Diana Markosian, Moscow Breadline, 2019, from Santa Barbara
The challenge is how to communicate the complexity of a story as an artist. How do I bring to life an event that happened twenty years ago? That process excites me as an artist, as I am experimenting and learning to challenge my own understanding of image making.
Diana Markosian, My Father on My Birthday, 2019, from Santa Barbara
Diana Markosian, Lifeline, 2019, from Santa Barbara
How did you choose the moments to recapture? For example, were they sourced from personal memories?
The process of creating these images felt organic. I interviewed everyone in my family early on, and found that they all had a different version of what happened. That became fascinating to me. I realized that truth and memory are so subjective. It led me to eventually collaborate with the original writer of the soap opera Santa Barbara to create my own screenplay, and I allowed everyone in my family edit the storyline to reflect their truth. Each person edited the script to reflect what happened to them, and this served as the starting point to create this project.
When I understood that nobody really had the right version — that the right version didn’t even exist — I understood that I could lean towards fiction. My goal with this project was not to throw out objectivity or completely abandon the idea of the truth; rather, I realized that truth and our memory are so subjective. The moment you go down the path of remembering, you start to understand how much you can lean towards imagination to understand an experience.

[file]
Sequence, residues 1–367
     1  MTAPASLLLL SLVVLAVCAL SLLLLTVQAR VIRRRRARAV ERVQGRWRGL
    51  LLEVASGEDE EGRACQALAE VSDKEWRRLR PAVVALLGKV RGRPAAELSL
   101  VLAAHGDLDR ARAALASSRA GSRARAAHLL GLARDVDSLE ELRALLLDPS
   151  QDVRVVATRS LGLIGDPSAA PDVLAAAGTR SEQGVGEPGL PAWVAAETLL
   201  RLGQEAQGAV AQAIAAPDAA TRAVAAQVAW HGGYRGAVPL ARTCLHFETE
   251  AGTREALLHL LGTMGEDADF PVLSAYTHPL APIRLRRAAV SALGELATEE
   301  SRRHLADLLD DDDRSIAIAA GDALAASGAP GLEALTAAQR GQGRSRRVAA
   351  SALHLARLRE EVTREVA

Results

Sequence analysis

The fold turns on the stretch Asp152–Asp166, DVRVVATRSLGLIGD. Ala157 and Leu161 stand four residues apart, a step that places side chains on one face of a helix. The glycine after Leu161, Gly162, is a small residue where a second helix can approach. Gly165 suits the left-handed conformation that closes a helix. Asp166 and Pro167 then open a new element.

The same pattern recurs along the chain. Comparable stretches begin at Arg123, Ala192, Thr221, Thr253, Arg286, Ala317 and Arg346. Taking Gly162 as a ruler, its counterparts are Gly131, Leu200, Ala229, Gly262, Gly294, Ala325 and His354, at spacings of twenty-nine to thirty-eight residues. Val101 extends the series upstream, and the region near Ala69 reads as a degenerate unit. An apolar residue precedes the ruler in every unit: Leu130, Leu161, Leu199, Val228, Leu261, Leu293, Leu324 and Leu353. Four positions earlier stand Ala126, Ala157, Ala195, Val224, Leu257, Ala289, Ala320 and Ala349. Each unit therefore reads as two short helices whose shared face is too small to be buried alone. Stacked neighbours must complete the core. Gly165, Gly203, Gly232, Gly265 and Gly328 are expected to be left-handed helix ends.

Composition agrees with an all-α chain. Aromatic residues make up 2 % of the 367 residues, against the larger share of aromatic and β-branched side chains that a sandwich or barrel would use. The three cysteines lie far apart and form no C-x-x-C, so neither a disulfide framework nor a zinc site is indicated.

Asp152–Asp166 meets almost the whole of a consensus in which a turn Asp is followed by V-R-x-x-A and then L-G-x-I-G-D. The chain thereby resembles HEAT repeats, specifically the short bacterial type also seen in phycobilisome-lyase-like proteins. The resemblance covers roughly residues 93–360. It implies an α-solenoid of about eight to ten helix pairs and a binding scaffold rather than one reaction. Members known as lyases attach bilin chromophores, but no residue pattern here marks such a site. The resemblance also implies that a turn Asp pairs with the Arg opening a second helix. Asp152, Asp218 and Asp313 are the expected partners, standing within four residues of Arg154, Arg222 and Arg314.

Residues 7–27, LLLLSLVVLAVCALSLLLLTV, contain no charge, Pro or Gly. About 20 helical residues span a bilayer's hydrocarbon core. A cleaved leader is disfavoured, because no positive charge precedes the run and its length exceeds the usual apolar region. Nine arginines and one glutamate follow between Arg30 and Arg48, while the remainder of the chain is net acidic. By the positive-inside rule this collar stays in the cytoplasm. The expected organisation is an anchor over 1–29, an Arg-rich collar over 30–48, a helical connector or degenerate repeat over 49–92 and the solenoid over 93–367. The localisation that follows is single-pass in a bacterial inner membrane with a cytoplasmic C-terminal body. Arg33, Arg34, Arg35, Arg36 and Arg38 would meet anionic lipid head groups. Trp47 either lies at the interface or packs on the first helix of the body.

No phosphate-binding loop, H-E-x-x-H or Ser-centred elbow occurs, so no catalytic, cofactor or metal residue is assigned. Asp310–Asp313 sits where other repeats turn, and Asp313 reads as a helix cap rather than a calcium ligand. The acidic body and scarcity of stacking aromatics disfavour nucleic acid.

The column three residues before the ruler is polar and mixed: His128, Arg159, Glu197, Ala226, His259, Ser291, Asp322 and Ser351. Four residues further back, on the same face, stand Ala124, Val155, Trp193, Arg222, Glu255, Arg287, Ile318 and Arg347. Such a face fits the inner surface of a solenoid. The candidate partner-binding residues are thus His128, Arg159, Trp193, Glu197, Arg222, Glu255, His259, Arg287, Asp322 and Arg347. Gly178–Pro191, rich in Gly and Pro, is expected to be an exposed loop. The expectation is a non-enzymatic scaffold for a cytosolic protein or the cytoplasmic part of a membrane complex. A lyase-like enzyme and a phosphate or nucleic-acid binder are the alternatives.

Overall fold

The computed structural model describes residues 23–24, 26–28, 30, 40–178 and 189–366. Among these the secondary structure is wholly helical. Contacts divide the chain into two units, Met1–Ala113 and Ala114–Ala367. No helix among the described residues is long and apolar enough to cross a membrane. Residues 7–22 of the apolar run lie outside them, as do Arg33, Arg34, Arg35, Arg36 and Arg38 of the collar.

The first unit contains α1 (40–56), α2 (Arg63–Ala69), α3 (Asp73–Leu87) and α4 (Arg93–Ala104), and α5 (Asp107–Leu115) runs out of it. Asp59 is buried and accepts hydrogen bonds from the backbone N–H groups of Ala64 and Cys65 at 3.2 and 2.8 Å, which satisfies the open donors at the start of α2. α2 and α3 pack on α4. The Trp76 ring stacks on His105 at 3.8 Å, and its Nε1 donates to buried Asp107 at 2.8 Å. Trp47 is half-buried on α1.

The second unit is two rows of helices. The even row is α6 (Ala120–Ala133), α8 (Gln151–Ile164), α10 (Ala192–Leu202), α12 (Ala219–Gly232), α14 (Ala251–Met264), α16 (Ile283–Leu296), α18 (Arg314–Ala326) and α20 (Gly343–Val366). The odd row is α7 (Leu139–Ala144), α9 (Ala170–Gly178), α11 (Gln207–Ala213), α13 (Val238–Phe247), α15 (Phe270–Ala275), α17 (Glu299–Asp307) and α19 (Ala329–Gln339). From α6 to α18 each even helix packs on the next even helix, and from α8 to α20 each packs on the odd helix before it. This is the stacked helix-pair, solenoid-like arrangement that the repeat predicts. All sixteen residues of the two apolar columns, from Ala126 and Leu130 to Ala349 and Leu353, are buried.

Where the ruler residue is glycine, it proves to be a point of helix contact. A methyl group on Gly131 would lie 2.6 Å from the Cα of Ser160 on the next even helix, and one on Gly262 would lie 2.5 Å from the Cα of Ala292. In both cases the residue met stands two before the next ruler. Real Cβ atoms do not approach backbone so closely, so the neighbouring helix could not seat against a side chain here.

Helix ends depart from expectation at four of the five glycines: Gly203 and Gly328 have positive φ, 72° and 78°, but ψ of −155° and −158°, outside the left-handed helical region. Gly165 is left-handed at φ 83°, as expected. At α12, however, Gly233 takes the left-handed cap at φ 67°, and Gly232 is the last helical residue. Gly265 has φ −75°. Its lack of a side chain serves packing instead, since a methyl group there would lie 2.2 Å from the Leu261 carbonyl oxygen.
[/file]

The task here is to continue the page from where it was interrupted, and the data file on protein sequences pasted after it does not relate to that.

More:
How was the experience of casting actors to play your family members?
When I started auditioning women to play my mother, I didn't necessarily understand that it would be like finding a soulmate: impossible. On one level it felt like I was replacing my own mother and on another level I felt that nobody could understand what my mother had gone through and her sacrifices.
When we searched in America, I saw more than three hundred women to play my mother. Then, I went to Russia, Armenia, and eventually to Georgia, where I met Ana Imndaze. In her audition, she played out the arrival at the airport and my first response: “How do I meet her?” I was in Wales, traveling to Berlin for a shoot and I flew to Georgia. I had less than 24 hours in Tbilisi. Initially, when I saw her, she looked nothing like my mom, yet there was something in me that said just go for it. In the year that we worked together, I saw Ana transform. She was no longer an actress. She became Svetlana. There were moments when I would ask Ana to pose a certain way, or to dress differently, and she would disagree with me. “Svetlana would never do this.” She had studied my mother’s images and mannerisms, so meticulously, to the point that she embodied Svetlana, and understood her better than me.